In the recent case of Hosking & Anor v Apax Partners LLP & Ors [2018] EWHC 2732 (Ch) (18 October 2018) Mr Justice Hildyard has reaffirmed the position for an award of Indemnity Costs for the discontinuance of a claim should the circumstances fall outside of the norm.

The Applicants were liquidators seeking to impugn a redemption of debt of which the undervalue was estimated in the region of €800,000.00. During the Trial however, following settlement negotiations breaking down, the claim was discontinued on the fourth day of a six week Trial. The Respondents thereafter sought indemnity costs  on the grounds that standard basis costs in the event of discontinuance (CPR 38.6(1)) would not properly reflect the conduct of the Applicants in pursuing and then suddenly abandoning these proceedings.

Mr Justice Hildyard began by illustrating that simple discontinuance was not enough. It was noted discontinuance could be necessary for a multitude of reasonable and it would only be those circumstances which were ‘beyond the norm’ that would attract Indemnity Costs.

Mr Justice Hildyard took into account several case specific factors in considering whether indemnity costs could be awarded. These included (paragraph 94 surmised):

  • The Applicant’s poor view of prospects in light of a discontinuance so early in such a high value claim where it is common knowledge there is no funding complications;
  • The denial of the Respondent to pursue the opportunity for vindication and the basis that their costs in some part could be irrecoverable ;
  • The multi-jurisdictional nature of the claim with the Applicant’s seeking recompense in Luxembourg, New York and England;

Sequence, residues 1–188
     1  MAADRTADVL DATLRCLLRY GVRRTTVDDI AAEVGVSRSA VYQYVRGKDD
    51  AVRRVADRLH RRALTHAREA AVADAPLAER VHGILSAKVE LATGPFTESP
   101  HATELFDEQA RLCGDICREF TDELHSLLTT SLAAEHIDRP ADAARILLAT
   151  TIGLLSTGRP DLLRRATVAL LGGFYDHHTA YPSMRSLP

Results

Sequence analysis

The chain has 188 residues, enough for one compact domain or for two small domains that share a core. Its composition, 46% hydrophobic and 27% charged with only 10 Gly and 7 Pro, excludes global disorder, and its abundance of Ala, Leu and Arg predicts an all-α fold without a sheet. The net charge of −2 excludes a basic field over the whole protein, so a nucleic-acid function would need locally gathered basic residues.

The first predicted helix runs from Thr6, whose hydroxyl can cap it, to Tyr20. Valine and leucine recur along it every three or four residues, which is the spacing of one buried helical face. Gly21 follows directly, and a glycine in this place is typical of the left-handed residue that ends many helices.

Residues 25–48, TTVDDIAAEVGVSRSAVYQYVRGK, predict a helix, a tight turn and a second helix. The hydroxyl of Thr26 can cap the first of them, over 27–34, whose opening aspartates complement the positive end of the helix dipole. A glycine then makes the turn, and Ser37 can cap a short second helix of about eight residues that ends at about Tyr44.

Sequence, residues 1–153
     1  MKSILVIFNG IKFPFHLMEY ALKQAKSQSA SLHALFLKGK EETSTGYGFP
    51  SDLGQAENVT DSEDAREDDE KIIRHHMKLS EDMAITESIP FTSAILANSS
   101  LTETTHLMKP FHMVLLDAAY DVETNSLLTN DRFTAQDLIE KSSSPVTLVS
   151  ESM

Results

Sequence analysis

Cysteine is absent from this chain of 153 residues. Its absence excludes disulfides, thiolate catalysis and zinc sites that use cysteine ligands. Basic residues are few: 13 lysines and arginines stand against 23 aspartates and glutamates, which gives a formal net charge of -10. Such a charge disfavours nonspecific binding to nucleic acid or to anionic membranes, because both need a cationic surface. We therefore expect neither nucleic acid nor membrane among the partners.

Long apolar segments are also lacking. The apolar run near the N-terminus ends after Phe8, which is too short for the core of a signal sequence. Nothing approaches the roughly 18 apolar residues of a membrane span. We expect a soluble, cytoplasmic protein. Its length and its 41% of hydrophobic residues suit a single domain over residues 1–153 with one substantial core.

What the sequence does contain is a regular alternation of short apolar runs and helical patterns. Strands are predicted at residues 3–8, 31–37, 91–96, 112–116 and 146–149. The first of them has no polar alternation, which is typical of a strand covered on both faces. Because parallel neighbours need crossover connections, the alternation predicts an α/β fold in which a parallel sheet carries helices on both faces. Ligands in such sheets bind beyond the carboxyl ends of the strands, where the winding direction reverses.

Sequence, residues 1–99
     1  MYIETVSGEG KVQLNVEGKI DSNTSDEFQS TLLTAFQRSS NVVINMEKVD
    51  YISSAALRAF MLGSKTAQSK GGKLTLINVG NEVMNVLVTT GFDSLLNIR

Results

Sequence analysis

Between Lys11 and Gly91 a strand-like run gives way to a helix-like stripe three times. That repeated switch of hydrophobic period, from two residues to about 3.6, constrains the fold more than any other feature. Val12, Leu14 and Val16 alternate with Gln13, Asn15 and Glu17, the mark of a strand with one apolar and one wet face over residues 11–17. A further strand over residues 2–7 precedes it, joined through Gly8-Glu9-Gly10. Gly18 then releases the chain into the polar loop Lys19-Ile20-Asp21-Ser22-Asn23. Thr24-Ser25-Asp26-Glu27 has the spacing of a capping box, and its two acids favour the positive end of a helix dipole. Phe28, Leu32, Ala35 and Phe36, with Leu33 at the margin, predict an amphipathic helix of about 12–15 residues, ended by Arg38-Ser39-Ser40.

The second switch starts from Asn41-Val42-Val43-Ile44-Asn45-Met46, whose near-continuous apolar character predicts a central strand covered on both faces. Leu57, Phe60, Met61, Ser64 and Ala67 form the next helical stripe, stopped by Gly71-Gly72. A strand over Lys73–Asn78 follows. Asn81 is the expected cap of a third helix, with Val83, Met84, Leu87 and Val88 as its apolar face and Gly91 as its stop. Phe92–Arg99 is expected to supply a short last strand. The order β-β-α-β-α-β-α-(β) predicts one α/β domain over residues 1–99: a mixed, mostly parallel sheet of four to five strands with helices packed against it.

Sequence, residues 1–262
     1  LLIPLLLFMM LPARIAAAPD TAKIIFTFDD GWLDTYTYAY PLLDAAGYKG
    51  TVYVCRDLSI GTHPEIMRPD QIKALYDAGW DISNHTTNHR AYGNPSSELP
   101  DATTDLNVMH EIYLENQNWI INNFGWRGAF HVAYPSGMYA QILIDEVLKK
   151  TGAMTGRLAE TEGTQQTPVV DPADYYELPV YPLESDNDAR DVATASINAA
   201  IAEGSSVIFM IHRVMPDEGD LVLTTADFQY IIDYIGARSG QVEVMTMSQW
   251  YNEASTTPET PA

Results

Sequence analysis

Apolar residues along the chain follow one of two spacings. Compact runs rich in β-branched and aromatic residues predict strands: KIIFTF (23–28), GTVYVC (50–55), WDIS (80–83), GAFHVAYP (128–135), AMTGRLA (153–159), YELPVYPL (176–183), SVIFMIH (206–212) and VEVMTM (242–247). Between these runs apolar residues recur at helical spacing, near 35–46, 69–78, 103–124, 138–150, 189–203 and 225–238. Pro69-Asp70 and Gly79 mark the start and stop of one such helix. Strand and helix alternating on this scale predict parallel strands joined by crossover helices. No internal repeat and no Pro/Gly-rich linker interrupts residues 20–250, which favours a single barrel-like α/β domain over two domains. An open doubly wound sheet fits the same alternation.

• The overall fairness of the circumstances of limiting the Respondent to standard basis costs.

While Mr Justice Hildyard made clear that a summary determination on the basis of the discontinuance would be improper, he was not prevented from making a decision on whether the above-mentioned factors went beyond the norm.

Mr Justice Hildyard therefore gave determination that the case specifics of this matter coupled with ‘the overall unfairness of preserving for the Applicants the twin benefits of the ordinary basis of assessment whilst exposing the Respondents, having had to respond to an expensively presented case, to the twin detriments of facing a shortfall in costs recovery and being denied the chance of vindication without explanation’ gave raise to costs being recoverable on the indemnity basis.

Although the case specifics of this matter are unique, all litigants should bear in mind both prospects and surrounding circumstances of their claim before seeking to proceed to Trial.  The Court will not take kindly to being utilised ‘as an anvil for settlement rather than as an adjudicator’ and should they feel this is the case an Indemnity Award may be the punishment for doing so.


Jack Holland